I remember being so excited when Amed Rosario was going to make his major league debut. A 21-year-old shortstop who projects to be a superstar making it to the majors with high expectations is not the kind of exciting occurrence to which Mets’ fans are accustomed to...instead, we’re used to soul crushing disappointment.
The Mets had no chance of making the playoffs when Rosario made his debut on August 1, 2017, but it was time for the young prospect to make his hit the bigs. He was hitting .328/.367/.466 in Triple-A Las Vegas, and even when factoring in how hitter friendly the Pacific Coast League is, that was still an impressive line from a 21-year-old shortstop. Clearly he had nothing left to learn there, and holding him down would only impede his development.
Prospect analysts loved almost everything about Rosario. They believed he had the ceiling of a 70-grade hitter who could grow into above-average power. Despite his size, his athleticism should allow him to play average to above-average defense at shortstop, and he has a plus arm. That athleticism also means that he should be able to provide value on the basepaths. A prospect writer I once spoke to about Mets’ prospects described Rosario as “Derek Jeter with plus defense.” I understood what he was trying to say, but rest assured that I rolled my eyes at that description.
Well, two years in, and none of that came to pass until recently.
Rosario’s 46-game debut in 2017 was pretty disappointing, though perhaps it was not too bad considering his age. He hit only .248/.271/.394 while striking out a lot and never walking. That may sound like hyperbole, but he walked only three times in 170 PA, a Dee Gordon-like 1.8 percent rate, and he swung at pitches at a Javier Báez-like rate. In fact, his 48 percent O-Swing rate is nearly five percentage points higher than Javy’s career rate!
Thankfully, Rosario’s plate discipline and contact skills improved the following year to rates more in line of what was expected of him. His offense improved slightly to .256/.295/.381. An eight-point improvement in wOBA is not much, but it is not insignificant either.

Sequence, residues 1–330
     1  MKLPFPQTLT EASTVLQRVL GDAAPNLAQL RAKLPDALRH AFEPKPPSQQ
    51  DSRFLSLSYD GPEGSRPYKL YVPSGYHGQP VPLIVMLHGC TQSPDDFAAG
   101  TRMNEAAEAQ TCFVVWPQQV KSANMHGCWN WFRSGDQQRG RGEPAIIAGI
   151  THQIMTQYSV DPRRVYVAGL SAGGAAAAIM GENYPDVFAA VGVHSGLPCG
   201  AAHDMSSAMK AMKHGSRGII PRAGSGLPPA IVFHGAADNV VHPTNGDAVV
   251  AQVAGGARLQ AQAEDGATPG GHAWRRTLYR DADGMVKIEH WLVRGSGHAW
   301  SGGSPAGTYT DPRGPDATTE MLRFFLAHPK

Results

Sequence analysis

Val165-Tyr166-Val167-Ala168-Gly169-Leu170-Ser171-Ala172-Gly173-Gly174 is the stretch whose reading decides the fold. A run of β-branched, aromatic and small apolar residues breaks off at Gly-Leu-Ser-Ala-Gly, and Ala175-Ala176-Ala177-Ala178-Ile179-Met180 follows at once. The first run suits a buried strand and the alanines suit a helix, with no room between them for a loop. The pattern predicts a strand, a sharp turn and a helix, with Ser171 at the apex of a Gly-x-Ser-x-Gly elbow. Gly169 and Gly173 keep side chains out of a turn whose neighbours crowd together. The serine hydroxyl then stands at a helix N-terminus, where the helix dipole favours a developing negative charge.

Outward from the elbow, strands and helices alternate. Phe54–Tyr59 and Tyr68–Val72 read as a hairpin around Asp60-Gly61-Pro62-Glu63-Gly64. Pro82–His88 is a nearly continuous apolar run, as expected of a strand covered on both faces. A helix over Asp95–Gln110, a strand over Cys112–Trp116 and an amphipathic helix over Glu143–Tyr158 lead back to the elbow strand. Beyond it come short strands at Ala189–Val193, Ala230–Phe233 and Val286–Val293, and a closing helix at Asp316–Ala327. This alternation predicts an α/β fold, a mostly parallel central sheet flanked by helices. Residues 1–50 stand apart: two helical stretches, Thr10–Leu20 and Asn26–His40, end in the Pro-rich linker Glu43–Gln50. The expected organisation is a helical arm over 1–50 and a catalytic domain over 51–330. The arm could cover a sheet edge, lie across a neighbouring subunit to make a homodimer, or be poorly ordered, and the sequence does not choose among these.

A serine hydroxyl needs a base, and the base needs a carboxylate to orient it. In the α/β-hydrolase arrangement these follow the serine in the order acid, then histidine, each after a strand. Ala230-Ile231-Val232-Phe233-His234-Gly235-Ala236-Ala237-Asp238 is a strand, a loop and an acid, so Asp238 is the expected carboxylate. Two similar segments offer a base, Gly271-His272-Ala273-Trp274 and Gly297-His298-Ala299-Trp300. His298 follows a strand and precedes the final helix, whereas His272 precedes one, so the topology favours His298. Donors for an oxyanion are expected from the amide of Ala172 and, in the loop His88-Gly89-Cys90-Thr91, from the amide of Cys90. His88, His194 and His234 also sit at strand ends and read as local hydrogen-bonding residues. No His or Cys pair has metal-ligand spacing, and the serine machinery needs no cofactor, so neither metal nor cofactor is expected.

The most baffling Rosario struggled was in the field. Scouting is really hard, of course, but one of the easier things to get right is defense. DRS thought that he was Jeter-bad at shortstop at -16 runs. Personally, I just didn’t see it. That being said, he definitely did not look good defensively. His footwork was often awkward and he made mistakes he should not have been making on routine plays. I think his defense was closer to his -5.2 UZR and -6.6 FRAA than the terrible DRS numbers.
On the bright side, Rosario’s baserunning was quite good! While he did get caught 11 times in 35 attempts, he ran the bases very well outside of that. Overall, he was worth 1.5 fWAR for the year, which is not too bad for a 22-year-old in his first full season.
The 2019 season looked like more of the same for Rosario through June. He was hitting .255/.293/.414, and even though he was hitting for significantly more power with nine home runs, it was tough to to discern if that was him or the juiced balls. His defense did not look any better by the advanced metrics or the eye test, and even his baserunning took a hit as he is leading the league with 11 times caught stealing. Yes, he is still young, but it was not unreasonable to start wondering if Rosario’s development had stalled.
Thankfully, that might not be the case. In 188 PA since the beginning of July, Rosario has been raking, hitting .350/.388/.497, good for a 136 wRC+, and his strikeout rate has dipped below 15 percent. However, he still is not walking much, and that batting line is inflated by a .404 BABIP. He also has not been facing strong competition. Still, a .373 wOBA that is 70 points higher than his career rate is tough to explain away via luck, even in fewer than 200 PA. Rosario is legitimately hitting the ball harder, though, with about a 35 percent hard-hit rate compared to a 29 percent rate, per FanGraphs.
One of the keys to his recent success appears to be simply making more contact. A guy with his bat speed can do great things if he is able to make regular contact. He is swinging at balls in the zone just as often as ever, but now he is making contact a whopping 94.4 percent of the time on those pitches. Unfortunately, he is not making any more contact on pitches outside the zone that he swings at far too often. If Rosario could reduce his O-Swing rate to even just league-average rates, he could be come a special player. He really could.
It is still early, but it is great to see Rosario’s bat improving, and hopefully he will continue to do so. It is exactly what the Mets need now that they are back in the playoff race. The defense still needs a lot of work, though. Maybe the Mets can lure Ron Washington away from the Braves?
. . .
Luis Torres is a Featured Writer at Beyond the Box Score. He is a medicinal chemist by day, baseball analyst by night. You can follow him on Twitter at @Chemtorres21.